There's more to Colorado than the slopes

When the Bogner-bedecked, plastic-booted crowd heads for the lifts in the mornings, I go exploring. I am that pariah of the slopes, a non-skier.

I wander down the streets of the mountain villages, poke my head into shops, stand at the bottom of the lifts and watch the symmetrical beauty of skiers schussing gracefully down the slopes. I ride into the nearby town, if there is one, and check out the old places, the mining-town saloons that have become chic bars, the one-time assay offices that require a modern bag of gold for the smart clothes they now stock, the big old Victorian homes that have taken on new life as trendy restaurants.


At Crested Butte, Colo., an old mining town turned ski resort, I chatted for a bit with Jim White, part owner of the popular Kochevar bar on downtown's Elk Avenue.

The subject turned to gambling, inaugurated last year in three Colorado mountain towns: Central City, Black Hawk and Cripple Creek.


"They had gambling here ever since 1899," Mr. White said, polishing the lovely old back bar. "Over there is one of the old slot machines they had, and up there is the original roulette wheel." This is a year-around bar for locals, but visiting skiers have learned to drop in for a beer and games of darts or pool.

Crested Butte is one of those 19th-century towns that has kept the Victorian look downtown. It's not just a matter of sprucing up old buildings, which has been done. (Renovators lifted the decaying old Town Hall off its foundations last year, restored it, remounted it and turned it into a craft co-op.) But even the new buildings are built in old style to preserve the Victorian look along Elk Avenue.

That means some of it is, basically, fake. But I like it anyway. I like the unabashed color they put on these buildings -- purples and pinks, yellows, greens and even fire-engine reds. I like the old barrels used for sidewalk waste baskets. I like the horse-and-buggy tourist rides.

What the heck. We all know we're living in the 1990s, not the 1890s, but it's fun to pretend a little anyway.

I found the same kind of ambience in another old mining-town-turned-trendy-resort, Telluride. Downtown here still has that old look, too, but the names over the thresholds let you know this is the 20th century. Such as the Fly Me to the Moon Saloon.

On Telluride's sidewalks last July, I ran into former Miamian Cindy Cutler, pushing a stroller with her 16-month-old daughter Virginia.

"I'm having a ball," she said. "I rented a Jeep and paid $100 to some local kids to take me into the back country. We went on some roads you wouldn't believe, but we saw waterfalls and a great sunset." You can't do things like this in wintertime, when snow closes the back roads, but there is plenty else to do. For example, this year festival-prone Telluride is introducing a Winter Festival Series, boasting four events: Winter Jazz Nov. 25-29, Hot Winter Nights Dec. 2-6, DecemberFest and Arizona Days Dec. 9-13 and Surf the Rockies April 3-11.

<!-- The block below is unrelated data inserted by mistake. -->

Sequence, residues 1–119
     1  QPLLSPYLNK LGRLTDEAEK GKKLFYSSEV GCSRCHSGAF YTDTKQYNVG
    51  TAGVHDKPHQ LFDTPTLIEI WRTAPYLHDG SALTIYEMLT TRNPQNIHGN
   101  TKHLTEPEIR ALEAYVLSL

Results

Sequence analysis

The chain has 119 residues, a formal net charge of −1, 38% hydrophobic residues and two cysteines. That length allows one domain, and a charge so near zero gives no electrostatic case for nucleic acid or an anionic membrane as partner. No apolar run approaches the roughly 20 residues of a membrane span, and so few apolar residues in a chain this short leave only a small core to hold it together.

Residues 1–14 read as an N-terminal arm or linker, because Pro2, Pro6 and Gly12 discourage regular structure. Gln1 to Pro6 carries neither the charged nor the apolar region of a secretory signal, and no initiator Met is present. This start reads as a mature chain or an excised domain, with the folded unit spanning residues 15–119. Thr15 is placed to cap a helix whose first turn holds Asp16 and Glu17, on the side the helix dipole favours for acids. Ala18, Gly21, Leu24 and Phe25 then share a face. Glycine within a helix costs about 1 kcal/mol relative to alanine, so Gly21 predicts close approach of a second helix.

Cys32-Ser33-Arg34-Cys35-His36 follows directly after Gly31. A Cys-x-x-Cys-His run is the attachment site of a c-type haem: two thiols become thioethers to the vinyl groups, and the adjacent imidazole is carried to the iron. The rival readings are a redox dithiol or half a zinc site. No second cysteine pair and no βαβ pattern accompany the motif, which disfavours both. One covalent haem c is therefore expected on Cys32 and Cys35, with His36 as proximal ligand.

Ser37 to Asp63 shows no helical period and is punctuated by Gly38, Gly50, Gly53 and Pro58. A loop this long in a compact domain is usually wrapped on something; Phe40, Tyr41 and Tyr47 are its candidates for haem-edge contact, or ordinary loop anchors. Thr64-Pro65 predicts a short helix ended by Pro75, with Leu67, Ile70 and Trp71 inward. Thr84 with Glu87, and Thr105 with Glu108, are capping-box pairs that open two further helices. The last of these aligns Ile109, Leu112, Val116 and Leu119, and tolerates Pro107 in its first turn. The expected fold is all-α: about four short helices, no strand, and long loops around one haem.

Unlike the historical towns of Telluride and Crested Butte, Beaver Creek was built totally from scratch in the 1980s. But that doesn't keep it from being possibly the classiest ski resort in the United States.


One of the first things I noticed is that the architecture is harmonious throughout. No jumble of junky condos and jarring fast-food signs here. Everything conforms to the resort's country French Pyrenees style.

I've long had a grudging admiration for Breckenridge, another old mining town gone ski crazy, because its citizens have always been unabashedly commercial.

To get a post office in their early years, its canny people named their town after a high-ranking government official, then Vice President John C. Breckinridge, figuring that a grateful politician will respond in kind. He did; they got their post office.

A couple of years later, though, when Breckinridge opted for the South in the Civil War, they un-named the town by changing the "i" in the middle of its name to an "e." Or so the story goes. Some people say the miners just couldn't spell very well.

A century later in the 1960s, having uncovered some documents that seemed to indicate the Breckenridge region had never legally been incorporated into the United States, promotional-minded citizens "seceded" from the United States and proclaimed the Kingdom of Breckenridge. It was all tongue-in-cheek, like the Conch Kingdom in the Keys, but when they issued coins (good for 50 cents in trade), the feds stepped in and put the kabosh on the whole thing.

Whatever the method, it seems to have helped put Breckenridge on the ski map: It's now the second biggest ski resort in Colorado.


Though the town's grown enormously in the past decade, I still like its Victorian ambience, even though a lot of it is fake these days. I like wandering in town, dropping in at lively spots like Eric's or the Mogul, or dining at the Hearthstone, where, inside its Victorian shell, you can still see the walls of the small residence it once was.

Yes, I may be missing a lot by staying off skis, but I soak up a lot of ambience.